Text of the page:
Well, maybe addicted is a strong word. Or is it? (If you're already bored after reading the last two sentences, skip down to the subtitle "15 Signs That You Might Be Addicted To Your Phone." I know most people won't read this entire article).
Last week, I took my phone to Apple to have the battery replaced. For about 5 hours, I was without my phone. It was nice, and freeing, but there was a part of me wondering all that I might be missing out on, the text conversations that I was unable to contribute to, the emails and notifications that were left unread and forgotten. While I felt freed, I also felt anxious. However, what was most alarming to me was what the Apple Representative asked me as I handed her my phone:
Apple Rep: "Are you okay leaving your phone here for about three hours?"
Me: "Yes, of course. It should be nice to be without a phone for a while." (this may have been me trying to convince myself that not having a phone would be easy...)
Apple Rep: "Oh, good. You couldn't imagine how many people come in here and have to leave their phone for only a couple hours and lose their minds. They ask me things like: 'Is there a loaner phone I can have for the afternoon?' In today's world, people simply cannot function without their phone."
If you're like me, you take your phone out and scroll during every remotely uncomfortable social situation (sitting with co-workers you're not close to before a staff meeting, waiting in the two-minute lull period before class begins at school, sitting on public transit by the person next to you that you don't know, or simply checking your phone every few minutes so as to "not miss out" on all that's happening in the world around you). Perhaps you're just as the Apple Representative described, and couldn't imagine going a few hours without your trusted smartphone.
Are you addicted to your phone?
Let me start by saying there are many good and even righteous ways to use a phone. For example, there are apps that allow us to read the Bible; texting is often convenient and easier than calling someone, and calling someone allows us to connect with people near and far as though they were right next to us. FaceTime and Skype allow parents and grandparents to connect with children and grandchildren, whether in another city or another country, and create the possibility of friends staying close with each other through all walks of life. I could go on about all of the reasons why phones are useful, helpful, and even a tool of righteousness. But, like many things, when something good becomes something that controls our thoughts, compulsions, and behaviors, the thing that might have otherwise been good has become unhealthy, and possibly an addiction.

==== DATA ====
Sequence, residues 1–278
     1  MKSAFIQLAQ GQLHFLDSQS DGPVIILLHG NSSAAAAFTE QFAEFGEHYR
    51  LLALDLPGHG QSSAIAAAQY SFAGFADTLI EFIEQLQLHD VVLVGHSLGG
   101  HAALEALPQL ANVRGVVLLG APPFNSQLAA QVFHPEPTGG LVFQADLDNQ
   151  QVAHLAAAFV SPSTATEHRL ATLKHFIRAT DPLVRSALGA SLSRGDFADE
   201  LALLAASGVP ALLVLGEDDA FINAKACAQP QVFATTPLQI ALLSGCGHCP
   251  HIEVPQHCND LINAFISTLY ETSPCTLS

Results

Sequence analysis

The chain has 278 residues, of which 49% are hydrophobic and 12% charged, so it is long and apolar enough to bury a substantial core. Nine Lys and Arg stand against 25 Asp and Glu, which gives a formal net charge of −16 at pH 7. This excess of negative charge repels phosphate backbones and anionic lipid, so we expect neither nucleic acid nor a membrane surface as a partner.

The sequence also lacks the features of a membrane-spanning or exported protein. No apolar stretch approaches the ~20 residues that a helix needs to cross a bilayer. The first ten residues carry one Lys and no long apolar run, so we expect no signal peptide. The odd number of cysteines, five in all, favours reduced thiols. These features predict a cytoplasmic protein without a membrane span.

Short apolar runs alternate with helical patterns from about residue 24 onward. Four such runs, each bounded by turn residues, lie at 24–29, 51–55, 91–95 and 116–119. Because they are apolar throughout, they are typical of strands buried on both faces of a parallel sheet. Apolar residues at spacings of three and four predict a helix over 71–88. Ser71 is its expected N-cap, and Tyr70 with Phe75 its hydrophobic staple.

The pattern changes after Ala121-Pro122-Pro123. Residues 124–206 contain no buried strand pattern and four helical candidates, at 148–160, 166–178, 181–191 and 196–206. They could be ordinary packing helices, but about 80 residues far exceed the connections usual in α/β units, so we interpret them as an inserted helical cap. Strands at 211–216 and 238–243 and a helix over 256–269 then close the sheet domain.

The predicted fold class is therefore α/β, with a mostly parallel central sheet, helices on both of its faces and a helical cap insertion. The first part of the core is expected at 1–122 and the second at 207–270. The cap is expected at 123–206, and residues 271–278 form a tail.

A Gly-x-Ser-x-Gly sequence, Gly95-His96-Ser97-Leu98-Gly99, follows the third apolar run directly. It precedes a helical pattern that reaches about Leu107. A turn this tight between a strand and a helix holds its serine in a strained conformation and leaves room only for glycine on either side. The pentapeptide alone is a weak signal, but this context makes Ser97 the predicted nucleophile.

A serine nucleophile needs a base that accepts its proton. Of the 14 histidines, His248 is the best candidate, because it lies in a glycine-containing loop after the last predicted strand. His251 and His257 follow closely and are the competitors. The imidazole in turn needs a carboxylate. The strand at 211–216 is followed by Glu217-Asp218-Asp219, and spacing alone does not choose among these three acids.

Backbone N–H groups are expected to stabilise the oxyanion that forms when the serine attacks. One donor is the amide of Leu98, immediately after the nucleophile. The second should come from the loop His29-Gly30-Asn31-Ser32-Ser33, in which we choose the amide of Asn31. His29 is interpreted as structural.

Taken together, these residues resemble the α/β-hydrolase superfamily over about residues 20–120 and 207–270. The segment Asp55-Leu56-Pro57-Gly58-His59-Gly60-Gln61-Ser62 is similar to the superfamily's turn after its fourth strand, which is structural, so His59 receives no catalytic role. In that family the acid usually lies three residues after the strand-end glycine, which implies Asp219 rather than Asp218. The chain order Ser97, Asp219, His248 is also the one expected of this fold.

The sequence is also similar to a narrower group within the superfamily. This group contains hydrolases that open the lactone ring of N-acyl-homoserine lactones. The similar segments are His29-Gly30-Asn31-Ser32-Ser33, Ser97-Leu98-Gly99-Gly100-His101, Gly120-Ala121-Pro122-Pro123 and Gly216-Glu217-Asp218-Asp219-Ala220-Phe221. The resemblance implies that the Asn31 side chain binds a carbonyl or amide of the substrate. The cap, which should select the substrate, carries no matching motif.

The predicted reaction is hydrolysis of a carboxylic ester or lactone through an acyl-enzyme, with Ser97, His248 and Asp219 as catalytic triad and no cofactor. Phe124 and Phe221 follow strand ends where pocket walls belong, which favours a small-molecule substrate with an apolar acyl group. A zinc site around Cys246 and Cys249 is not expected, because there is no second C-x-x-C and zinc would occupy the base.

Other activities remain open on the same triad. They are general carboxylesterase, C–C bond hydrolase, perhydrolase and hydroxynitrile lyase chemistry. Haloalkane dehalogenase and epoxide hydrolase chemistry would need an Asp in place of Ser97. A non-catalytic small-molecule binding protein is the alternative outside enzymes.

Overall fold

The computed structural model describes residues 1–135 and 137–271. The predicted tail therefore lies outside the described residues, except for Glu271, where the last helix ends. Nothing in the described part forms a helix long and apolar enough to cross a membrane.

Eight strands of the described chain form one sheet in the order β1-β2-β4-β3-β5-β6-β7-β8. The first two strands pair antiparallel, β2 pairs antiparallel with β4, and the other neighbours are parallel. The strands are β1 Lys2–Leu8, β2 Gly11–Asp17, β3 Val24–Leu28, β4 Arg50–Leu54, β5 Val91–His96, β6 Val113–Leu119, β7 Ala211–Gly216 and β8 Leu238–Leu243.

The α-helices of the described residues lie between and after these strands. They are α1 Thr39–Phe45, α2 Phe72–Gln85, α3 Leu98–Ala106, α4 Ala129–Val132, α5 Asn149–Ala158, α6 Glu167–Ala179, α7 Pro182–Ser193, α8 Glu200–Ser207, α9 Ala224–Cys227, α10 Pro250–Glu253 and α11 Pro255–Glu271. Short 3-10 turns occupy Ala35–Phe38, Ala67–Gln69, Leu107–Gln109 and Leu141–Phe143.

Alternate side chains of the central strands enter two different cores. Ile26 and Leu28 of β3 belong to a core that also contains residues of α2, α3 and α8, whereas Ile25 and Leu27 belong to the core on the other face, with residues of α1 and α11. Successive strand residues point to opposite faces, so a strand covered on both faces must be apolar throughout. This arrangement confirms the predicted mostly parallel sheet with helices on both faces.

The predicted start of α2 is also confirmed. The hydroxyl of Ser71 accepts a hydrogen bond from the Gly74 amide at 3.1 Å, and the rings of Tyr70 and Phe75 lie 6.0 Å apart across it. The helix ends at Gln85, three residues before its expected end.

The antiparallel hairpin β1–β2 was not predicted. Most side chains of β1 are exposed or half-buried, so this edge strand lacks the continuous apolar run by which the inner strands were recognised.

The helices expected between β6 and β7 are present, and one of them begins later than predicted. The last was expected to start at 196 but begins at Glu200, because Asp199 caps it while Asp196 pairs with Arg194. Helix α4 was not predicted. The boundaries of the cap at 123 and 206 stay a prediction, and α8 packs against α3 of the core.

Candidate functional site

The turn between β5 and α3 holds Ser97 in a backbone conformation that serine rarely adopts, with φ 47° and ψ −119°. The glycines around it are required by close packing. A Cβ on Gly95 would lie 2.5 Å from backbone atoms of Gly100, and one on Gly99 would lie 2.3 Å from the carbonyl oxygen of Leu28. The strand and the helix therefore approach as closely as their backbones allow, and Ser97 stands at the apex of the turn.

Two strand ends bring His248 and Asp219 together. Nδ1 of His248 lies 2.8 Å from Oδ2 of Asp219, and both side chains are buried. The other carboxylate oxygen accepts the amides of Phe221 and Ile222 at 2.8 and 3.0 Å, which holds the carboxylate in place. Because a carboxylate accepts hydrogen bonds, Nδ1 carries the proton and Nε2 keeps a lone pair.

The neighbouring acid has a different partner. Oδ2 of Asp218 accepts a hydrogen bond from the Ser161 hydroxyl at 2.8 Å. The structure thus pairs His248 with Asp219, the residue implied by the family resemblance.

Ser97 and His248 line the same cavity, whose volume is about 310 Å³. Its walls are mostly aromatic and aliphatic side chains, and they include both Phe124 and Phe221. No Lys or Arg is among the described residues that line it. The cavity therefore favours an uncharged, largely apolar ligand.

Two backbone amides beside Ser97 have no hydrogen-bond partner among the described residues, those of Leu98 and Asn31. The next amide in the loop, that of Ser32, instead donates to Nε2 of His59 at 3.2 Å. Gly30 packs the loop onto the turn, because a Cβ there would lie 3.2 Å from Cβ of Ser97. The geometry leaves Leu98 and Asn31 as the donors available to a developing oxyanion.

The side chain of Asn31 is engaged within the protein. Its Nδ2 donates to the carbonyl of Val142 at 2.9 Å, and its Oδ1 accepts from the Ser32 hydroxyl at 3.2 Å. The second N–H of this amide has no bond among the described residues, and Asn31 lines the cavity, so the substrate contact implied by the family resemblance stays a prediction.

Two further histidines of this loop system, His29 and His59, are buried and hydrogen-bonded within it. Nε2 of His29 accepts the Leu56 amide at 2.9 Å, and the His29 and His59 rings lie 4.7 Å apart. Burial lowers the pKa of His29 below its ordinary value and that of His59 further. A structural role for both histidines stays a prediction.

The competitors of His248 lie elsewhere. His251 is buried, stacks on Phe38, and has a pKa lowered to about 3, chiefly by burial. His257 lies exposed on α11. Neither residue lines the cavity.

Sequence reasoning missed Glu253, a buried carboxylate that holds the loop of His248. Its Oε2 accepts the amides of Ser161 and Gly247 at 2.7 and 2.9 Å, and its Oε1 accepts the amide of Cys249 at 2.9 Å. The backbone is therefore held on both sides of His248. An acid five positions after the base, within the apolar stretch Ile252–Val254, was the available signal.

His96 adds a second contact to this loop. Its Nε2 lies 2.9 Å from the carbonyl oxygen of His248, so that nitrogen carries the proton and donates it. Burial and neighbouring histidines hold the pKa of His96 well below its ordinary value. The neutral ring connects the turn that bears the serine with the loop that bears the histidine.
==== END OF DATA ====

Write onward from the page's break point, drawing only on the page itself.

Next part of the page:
Habit or Addiction?*
Your phone usage may be such an habitual part of your every day life that perhaps now you aren't even aware of your tendencies to take your phone out of your pocket every few minutes, or to walk from place to place merely holding it in your hand. Habitual behaviors are patterns that are regularly followed, eventually to the point of subconscious behavior that one is nearly entirely unaware of. Habits can be good, and habits can be bad.
But one important distinction to make is that a habit is not necessarily an addiction, but habits are generally the vital organs that create an addiction. For someone who is addicted to alcohol or other substance abuse, the cessation of these substances may cause a severe stress or overwhelming sense of hopelessness, with potentially physical downfalls as well (withdrawal). 1 While creating and breaking habits can be done by repetition and sometimes sheer will-power, breaking an addiction is much different. The behavior of using your phone can be good, but when using your phone becomes a suppressant for emotions, anxiety, trauma, or social stress-- or to avoid reality-- it can quickly become an addiction. 1
I won't tell you that you are addicted to your phone, but I would ask that you follow along this short series to redefine the way you use your phone in your daily lives. Perhaps you are controlled by the use of your phone, and maybe you feel a sense of intense anxiety by the thought of going a whole hour without checking your phone, not to mention a day or a week.
15 Signs That You Might Be Addicted To Your Phone
These are some of the questions I asked myself that helped me to determine my addiction (revised from psychguides.com). Ask yourself these questions and decide for yourself whether or not you might be addicted to your phone.